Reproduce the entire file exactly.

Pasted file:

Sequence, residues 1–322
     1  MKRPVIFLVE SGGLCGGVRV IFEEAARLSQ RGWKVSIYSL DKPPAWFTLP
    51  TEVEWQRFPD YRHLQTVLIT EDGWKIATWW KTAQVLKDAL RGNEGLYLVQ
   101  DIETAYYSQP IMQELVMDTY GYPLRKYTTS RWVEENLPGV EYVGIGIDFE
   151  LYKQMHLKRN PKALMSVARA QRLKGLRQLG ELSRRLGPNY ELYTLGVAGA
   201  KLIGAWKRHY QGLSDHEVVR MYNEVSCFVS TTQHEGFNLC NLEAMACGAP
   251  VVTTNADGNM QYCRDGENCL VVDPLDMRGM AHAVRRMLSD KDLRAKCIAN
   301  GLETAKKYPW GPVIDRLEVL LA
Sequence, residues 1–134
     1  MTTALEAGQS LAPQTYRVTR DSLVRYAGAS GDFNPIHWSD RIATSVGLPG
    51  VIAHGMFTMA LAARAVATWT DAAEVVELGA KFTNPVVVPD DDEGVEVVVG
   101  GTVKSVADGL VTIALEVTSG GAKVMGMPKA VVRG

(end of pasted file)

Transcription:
Sequence, residues 1–322
     1  MKRPVIFLVE SGGLCGGVRV IFEEAARLSQ RGWKVSIYSL DKPPAWFTLP
    51  TEVEWQRFPD YRHLQTVLIT EDGWKIATWW KTAQVLKDAL RGNEGLYLVQ
   101  DIETAYYSQP IMQELVMDTY GYPLRKYTTS RWVEENLPGV EYVGIGIDFE
   151  LYKQMHLKRN PKALMSVARA QRLKGLRQLG ELSRRLGPNY ELYTLGVAGA
   201  KLIGAWKRHY QGLSDHEVVR MYNEVSCFVS TTQHEGFNLC NLEAMACGAP
   251  VVTTNADGNM QYCRDGENCL VVDPLDMRGM AHAVRRMLSD KDLRAKCIAN
   301  GLETAKKYPW GPVIDRLEVL LA
Sequence, residues 1–134
     1  MTTALEAGQS LAPQTYRVTR DSLVRYAGAS GDFNPIHWSD RIATSVGLPG
    51  VIAHGMFTMA LAARAVATWT DAAEVVELGA KFTNPVVVPD DDEGVEVVVG
   101  GTVKSVADGL VTIALEVTSG GAKVMGMPKA VVRG